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Electric avenue: Interstate 94 marked as 'EV ready' corridor
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Electric avenue: Interstate 94 marked as 'EV ready' corridor

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EV corridor

Signs installed last month mark Interstate 94 as an alternative-fuel corridor with electric vehicle charging stations every 50 miles. One of several such corridors in the state, it is the first to be marked.

New signs along Interstate 94 are telling motorists in southeastern Wisconsin that electric chargers are nearby as part of Gov. Tony Evers’ efforts to promote alternative fuels.

Signs erected in September along the interstate between Madison and the Illinois border indicate the 110-mile corridor is “EV ready,” meaning there’s a DC fast-charging station every 50 miles.

Transportation Secretary-designee Craig Thompson said the signs are meant for both electric vehicle drivers and those who might consider buying one but worry about a lack of fueling stations.

“Easy access to fuel is critical to expanding electric vehicles from local use to cross-country travel for private and corporate use,” Thompson said.

The signs do not direct drivers to individual charging stations; most EV drivers rely on apps for that.

“It’s to give them confidence there’s a charger they can find on the corridor,” said Chuck Wade, director of the Department of Transportation’s bureau of planning and economic development. “It’s not really intended to be a locator. It’s more of an awareness-type thing.”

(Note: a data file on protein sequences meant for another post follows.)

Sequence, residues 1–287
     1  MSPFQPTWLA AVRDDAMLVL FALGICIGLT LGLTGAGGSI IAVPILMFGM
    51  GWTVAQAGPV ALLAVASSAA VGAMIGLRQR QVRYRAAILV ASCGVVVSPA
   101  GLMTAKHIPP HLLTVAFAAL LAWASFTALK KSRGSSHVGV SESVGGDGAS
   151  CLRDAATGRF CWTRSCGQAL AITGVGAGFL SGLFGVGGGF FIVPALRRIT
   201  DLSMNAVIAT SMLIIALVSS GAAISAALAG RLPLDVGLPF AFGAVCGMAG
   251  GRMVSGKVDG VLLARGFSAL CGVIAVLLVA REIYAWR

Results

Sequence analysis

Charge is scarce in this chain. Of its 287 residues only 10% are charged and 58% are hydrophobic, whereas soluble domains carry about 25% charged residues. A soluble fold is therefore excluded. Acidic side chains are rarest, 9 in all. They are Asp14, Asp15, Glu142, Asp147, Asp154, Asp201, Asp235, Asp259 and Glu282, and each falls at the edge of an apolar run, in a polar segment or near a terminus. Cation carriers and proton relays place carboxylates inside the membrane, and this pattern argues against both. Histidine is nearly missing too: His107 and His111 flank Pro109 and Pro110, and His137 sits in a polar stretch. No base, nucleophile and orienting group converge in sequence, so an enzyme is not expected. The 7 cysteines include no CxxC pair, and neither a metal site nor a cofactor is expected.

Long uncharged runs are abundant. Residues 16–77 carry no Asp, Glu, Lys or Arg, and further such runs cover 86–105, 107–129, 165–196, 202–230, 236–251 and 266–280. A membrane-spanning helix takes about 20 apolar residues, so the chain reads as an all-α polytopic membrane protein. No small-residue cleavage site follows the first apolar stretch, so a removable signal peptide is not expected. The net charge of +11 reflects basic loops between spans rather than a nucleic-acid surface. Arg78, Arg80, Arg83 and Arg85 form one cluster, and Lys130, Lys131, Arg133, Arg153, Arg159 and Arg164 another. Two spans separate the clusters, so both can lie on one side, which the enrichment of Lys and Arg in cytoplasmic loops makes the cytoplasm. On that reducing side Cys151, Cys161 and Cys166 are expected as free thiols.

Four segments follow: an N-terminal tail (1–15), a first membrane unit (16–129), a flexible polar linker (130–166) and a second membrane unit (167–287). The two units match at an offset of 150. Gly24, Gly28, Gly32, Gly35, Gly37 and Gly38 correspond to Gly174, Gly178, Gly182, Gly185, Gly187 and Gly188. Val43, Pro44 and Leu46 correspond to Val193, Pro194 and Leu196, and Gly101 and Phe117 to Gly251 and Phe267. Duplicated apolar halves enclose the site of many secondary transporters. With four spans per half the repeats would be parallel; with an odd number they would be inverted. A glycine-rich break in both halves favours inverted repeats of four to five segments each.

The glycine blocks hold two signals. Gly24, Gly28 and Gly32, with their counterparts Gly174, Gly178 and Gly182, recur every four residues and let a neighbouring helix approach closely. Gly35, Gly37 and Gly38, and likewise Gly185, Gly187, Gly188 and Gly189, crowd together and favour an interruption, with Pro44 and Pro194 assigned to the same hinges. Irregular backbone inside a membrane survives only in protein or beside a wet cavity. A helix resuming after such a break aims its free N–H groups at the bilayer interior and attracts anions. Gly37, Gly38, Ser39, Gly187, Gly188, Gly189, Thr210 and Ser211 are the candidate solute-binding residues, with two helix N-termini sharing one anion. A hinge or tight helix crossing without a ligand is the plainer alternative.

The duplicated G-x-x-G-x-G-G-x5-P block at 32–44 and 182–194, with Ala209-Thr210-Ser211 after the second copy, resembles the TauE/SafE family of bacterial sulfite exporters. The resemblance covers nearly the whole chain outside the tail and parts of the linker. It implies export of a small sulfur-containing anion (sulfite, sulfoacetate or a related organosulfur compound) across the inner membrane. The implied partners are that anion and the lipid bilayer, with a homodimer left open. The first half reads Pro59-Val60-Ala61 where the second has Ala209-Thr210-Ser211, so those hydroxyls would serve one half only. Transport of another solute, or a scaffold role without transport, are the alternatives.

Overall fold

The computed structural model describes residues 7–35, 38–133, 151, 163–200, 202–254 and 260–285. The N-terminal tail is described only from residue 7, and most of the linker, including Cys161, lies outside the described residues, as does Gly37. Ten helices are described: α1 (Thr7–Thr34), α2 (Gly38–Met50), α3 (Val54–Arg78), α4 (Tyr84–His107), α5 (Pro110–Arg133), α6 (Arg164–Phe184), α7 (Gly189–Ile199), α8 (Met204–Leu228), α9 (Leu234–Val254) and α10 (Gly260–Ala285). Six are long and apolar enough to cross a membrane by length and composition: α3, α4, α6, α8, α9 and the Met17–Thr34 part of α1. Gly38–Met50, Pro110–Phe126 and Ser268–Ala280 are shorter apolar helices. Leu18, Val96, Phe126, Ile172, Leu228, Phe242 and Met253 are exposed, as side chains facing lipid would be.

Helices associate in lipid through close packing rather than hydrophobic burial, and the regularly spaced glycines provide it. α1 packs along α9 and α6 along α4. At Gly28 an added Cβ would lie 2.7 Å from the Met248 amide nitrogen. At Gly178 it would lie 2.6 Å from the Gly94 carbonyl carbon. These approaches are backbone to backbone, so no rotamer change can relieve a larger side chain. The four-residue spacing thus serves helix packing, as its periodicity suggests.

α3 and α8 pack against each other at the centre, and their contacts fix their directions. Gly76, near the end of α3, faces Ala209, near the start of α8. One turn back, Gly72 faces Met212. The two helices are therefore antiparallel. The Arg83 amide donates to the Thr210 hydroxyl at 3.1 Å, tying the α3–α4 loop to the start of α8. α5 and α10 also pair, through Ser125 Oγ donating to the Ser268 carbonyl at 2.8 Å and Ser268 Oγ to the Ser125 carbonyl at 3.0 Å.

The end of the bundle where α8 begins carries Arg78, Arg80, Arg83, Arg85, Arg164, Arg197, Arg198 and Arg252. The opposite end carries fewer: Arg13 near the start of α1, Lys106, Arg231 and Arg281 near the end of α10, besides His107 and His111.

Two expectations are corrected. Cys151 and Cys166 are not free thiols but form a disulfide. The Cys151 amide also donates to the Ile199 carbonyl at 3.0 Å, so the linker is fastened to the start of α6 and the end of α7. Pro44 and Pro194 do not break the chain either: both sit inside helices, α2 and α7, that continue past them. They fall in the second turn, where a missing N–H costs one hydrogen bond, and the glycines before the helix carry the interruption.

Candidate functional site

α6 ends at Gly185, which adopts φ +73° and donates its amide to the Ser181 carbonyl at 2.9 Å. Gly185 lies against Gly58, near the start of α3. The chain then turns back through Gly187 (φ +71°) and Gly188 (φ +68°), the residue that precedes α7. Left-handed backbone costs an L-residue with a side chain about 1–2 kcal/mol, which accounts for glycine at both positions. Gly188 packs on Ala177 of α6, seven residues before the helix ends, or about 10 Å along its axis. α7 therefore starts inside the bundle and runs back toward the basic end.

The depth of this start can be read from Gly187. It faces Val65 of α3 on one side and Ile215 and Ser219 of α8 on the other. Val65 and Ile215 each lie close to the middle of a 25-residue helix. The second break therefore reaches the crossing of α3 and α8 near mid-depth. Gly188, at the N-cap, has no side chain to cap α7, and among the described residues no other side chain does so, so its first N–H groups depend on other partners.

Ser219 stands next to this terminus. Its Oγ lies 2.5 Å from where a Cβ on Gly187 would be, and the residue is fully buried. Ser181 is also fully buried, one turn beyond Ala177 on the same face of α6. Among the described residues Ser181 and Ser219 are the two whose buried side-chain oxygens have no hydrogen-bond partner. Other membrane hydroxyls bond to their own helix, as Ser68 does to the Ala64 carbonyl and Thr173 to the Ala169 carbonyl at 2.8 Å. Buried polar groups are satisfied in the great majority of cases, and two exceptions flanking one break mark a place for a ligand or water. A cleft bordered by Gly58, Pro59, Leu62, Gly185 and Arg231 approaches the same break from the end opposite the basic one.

The Federal Highway Administration designated the I-94 corridor “EV ready” in 2016, but the designation does not come with federal funding, and Wade said it took several years to find the $4,800 to install the 10 signs.

Wisconsin has also received EV-ready designations for parts of I-90, I-43 and U.S. 151 between Madison and Sun Prairie, although Wade said I-94 is the first to get signs.

There are long stretches of highway — including the interstate between Madison and the Twin Cities — that lack enough chargers to merit the designation.

The signs are part of a larger effort by the Evers administration to promote electric vehicles which, coupled with a shift to clean energy sources, are seen as the best shot at reducing greenhouse gas emissions from the transportation sector, now the single largest source of U.S. carbon dioxide pollution.

“This is an important step in developing the transportation system of tomorrow,” Evers said in a statement. “As a state, we must continue our efforts to encourage the use of vehicles that run on clean, alternative fuels.”

Using his line-item veto, Evers last year allocated $10 million of the state’s share of the Volkswagen emissions scandal fines to fund public charging stations, but a Supreme Court decision overturned that veto. Those funds have primarily been used to replace state-owned vehicles and to help local transit authorities buy new diesel buses.

In August, after an 18-month investigation into electric vehicles, the Public Service Commission put out a draft proposal that would require all large utilities to develop charging programs for all residential customers.